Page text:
How citizen cellphone data is predicting traffic flow

A city in Arizona is beginning to track residents' cellphone data to predict traffic flow.
11 January 2019 | 18 Shares

Would you surrender your cellphone data for a better commute? Source: Shutterstock

A city in Arizona has begun tracking its residents’ movements using cellphone data, in an initiative officials say is aimed at traffic reduction.

Flagstaff administrators also claim participation in the program is ‘voluntary and anonymous’, amid widespread concerns over big data being tapped for citizen surveillance and behavior tracking.

According to The Washington Times, cellphone location data is collected and analyzed by a private company, then sold to transportation officials to operate the program.

“It is an exciting and positive use of new technology,” said David Wessel, manager of the Flagstaff Metropolitan Planning Organization.

“When we have a clearer picture of our traffic and travel patterns, our ability to tailor our transportation services is greatly enhanced,” he told the US daily.

Data and navigation analytics are pulled from apps within a resident’s smartphone, then processed by Streetlight Data, a San Francisco-based analytics firm.

As the data comes from apps that request user permission for access to location services, it could be pulled from a wide variety of sources such as fitness trackers, dating and weather apps.

The company then merges this data with local government traffic information and census data to predict traffic flow.

“We can tell who’s on the road, where they live, how frequently they make this trip, and whether or not they are on vacation,” said Laura Schewel, Streetlight Data founder and CEO.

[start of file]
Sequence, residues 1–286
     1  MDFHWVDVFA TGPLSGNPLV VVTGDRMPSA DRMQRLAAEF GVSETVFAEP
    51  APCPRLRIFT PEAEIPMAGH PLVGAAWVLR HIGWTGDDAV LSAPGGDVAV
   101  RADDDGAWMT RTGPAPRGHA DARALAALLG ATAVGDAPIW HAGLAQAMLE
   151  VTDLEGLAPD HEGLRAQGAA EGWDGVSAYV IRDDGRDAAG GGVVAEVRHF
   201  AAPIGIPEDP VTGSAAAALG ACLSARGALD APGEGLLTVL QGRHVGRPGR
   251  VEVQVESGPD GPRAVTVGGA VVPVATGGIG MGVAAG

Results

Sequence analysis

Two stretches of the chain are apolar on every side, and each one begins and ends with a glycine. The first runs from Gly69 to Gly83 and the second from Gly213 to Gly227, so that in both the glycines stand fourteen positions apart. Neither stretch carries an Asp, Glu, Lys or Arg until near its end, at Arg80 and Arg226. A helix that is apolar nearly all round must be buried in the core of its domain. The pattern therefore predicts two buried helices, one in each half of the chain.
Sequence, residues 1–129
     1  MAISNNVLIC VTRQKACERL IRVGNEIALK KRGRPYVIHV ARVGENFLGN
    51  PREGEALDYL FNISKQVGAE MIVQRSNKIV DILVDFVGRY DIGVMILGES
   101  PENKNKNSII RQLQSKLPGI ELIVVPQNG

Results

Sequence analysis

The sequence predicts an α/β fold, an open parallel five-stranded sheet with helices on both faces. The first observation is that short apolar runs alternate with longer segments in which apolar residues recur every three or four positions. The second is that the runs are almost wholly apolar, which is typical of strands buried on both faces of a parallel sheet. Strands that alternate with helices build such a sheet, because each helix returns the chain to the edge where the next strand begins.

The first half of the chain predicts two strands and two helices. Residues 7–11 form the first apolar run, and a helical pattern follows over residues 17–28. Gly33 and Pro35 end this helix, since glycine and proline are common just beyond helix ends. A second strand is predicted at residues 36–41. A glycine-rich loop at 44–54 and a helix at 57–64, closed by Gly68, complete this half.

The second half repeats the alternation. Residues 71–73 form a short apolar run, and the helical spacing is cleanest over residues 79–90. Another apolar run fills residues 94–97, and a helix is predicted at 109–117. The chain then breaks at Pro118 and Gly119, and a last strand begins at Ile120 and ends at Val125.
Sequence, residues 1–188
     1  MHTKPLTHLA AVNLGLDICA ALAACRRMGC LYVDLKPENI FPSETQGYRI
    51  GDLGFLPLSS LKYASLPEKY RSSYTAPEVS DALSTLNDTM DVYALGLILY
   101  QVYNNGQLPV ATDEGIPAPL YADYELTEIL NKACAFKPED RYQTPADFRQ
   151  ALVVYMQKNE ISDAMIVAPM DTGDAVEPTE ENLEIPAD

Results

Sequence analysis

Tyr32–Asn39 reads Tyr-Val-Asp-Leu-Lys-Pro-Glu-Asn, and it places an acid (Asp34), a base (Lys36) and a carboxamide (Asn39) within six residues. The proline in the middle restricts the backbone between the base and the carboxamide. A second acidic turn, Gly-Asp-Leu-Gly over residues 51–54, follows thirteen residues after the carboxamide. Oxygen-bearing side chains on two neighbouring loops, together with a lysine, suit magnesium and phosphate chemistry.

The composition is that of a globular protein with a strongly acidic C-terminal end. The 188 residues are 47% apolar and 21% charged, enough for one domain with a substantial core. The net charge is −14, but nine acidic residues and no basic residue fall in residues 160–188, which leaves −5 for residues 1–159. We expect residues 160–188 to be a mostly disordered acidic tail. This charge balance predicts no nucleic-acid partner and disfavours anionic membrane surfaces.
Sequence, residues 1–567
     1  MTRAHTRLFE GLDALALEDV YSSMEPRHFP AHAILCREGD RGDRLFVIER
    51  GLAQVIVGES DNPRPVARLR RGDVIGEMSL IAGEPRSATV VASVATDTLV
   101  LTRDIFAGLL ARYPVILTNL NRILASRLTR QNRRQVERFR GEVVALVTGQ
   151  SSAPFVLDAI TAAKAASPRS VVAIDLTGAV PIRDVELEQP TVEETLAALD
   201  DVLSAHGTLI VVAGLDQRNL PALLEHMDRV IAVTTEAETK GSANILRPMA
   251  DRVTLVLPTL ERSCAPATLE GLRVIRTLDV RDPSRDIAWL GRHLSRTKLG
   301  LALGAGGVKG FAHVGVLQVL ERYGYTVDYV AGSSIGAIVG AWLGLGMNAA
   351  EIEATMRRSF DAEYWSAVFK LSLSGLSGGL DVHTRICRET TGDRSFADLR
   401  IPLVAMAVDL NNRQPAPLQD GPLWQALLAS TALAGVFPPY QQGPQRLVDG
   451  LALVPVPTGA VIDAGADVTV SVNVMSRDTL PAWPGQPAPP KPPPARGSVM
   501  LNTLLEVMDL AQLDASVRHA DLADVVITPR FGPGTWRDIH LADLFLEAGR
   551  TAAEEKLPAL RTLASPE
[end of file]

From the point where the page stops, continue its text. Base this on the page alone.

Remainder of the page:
For urban planners, using private citizen data to improve administrative efficiencies is all part of the “smart cities movement”. But on the flip side, critics say there are serious privacy issues to consider in the use and possible abuse of big data by private firms to discern personal habits.

“Despite the considerable enthusiasm for big data-driven projects and use cases, big data also presents a range of evolving challenges from a security and privacy standpoint,” information security expert Chris Dimitriadis wrote this week in CSO Online, a cybersecurity journal.

Dimitradis is of the opinion that organizations need to avoid taking shortcuts in their data governance strategies as this could potentially lead to large-scale breaches.

Officials in Flagstaff, a city with a population nearing 72,000 inhabitants, however, view using big data as a budget-friendly way to improve public services.

Wessel says this project has helped engineers evaluate how buses and other vehicles travel to places of interest, such as hospitals and malls. Weather and traffic patterns are also being integrated into the planning stage soon.

StreetLight Data projects in North America include Virginia, Minnesota, Ohio, Florida, New York City and Toronto.

While industry observers estimate that at least 30 percent to 60 percent of all smartphone users allow apps like Google Maps to access their location, advocates of big data say privacy concerns are also evolving in this day and age.

Scott Relf, co-founder and CEO of the photo-sharing app PikMobile, says that cities, towns and states experimenting with big data should consider public civic lessons to explain how the collected data can be of benefit to the masses.